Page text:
The authors do note that this single woman constituency is a good thing for leftist politics in the sense that it creates a voting bloc for the Democrats. But they worry that if fertility rates fall that the U.S. will be stuck in the same position as the European countries, in having a welfare state saddled with higher costs and a smaller tax base. They also worry that by not having children liberals will be a declining force in the U.S.:
But if singletons are swelling as a voting bloc and interest group now, the demographics of childlessness mean that they’re likely to lose out in the long term...I suspect that the real reason why the liberal writers of the article are hesitant to take the leap into a postfamilial culture is the argument I bolded - they understand at some level that such a culture has no future. But what can they do about it? They mostly propose more liberalism as a solution to a problem created by liberalism in the first place. If they were serious about the issue they would have to rethink aspects of liberal ideology and culture. As The Elusive Wapiti puts it:
In the long run, notes Eric Kaufmann, the author of Shall the Religious Inherit the Earth?, high birthrates among such conservative, religious populations as Mormons and evangelical Christians will slant our politics against the secular young, childless voting bloc as well. Even among generally liberal groups like Jews, the most religious are vastly out-birthing their secular counterparts; by some estimates roughly two in five New York Jews are Orthodox—as are three in four of the city’s Jewish children. If these trends continue, and if these children share their parents’ politics—two big ifs, to be sure—even the Democratic stronghold of Gotham will be pulled rightward.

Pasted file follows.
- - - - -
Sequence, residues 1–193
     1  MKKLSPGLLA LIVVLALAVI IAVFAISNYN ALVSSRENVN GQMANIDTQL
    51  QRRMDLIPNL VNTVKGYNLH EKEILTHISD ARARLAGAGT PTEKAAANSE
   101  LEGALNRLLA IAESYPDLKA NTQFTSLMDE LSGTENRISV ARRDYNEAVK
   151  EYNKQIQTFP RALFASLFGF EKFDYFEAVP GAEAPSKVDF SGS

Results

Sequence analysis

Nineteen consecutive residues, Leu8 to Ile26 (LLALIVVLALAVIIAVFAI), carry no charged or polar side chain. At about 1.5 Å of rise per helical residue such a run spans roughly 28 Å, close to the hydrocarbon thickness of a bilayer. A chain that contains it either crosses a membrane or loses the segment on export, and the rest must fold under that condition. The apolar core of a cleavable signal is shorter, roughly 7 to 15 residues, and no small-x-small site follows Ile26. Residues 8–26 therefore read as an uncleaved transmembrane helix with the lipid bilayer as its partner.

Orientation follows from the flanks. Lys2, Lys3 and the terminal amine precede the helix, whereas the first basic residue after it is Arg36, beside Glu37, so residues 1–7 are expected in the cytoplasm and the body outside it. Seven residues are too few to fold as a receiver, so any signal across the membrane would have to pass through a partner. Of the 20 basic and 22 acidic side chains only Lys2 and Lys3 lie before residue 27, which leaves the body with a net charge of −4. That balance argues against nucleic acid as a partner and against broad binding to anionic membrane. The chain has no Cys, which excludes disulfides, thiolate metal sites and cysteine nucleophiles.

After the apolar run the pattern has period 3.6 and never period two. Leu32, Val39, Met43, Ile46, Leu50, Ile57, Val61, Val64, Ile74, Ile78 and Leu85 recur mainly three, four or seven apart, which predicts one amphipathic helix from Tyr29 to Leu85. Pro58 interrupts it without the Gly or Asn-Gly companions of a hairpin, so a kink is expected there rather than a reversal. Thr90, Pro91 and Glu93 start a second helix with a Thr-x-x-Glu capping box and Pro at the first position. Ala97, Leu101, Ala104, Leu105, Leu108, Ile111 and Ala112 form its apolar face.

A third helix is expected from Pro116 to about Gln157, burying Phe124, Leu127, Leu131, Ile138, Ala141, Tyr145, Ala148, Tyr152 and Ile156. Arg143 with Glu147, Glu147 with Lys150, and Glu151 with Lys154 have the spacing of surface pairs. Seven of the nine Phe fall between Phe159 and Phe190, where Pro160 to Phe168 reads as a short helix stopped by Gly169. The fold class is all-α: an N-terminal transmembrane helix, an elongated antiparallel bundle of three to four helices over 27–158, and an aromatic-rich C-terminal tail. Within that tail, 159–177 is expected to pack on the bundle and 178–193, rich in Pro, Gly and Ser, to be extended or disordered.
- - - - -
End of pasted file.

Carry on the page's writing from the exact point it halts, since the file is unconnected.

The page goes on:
This prospect would pose dangers to our society as a whole, and singletons in particular, including a potential reversion to a more rigidly traditionalist worldview. But perhaps most damaging would be declining markets and a hobbled economy in which governments are forced to tax the shrinking workforce to pay for the soaring retirement and health expenses of an increasingly doddering population
...In the coming decades, success will accrue to those cultures that preserve the family’s place, not as the exclusive social unit but as one that is truly indispensable. It’s a case we need to make as a society, rather than counting on nature to take its course.
The problem lays in the attitudes of the millions of men and women who share Ms. Jordan's attitudes. Attitudes that produce billions of perfectly rational self-interested choices subsequent to those attitudes. Try as they may, liberalists cannot deny the effects of dynamiting the family, erasing gender differences, consecrating individual autonomy as the acme of human values, and making children a fashion accessory (that are permitted to enter into this world unmurdered only if they're wanted). As a result, we have a society where "family" and "marriage" are defined so broadly as to be near-meaningless, "men" and "women" are legally interchangeable, sub-replacement fertility, and acting as though "it's all about me" isn't the acme of narcissism but a commonly accepted social norm.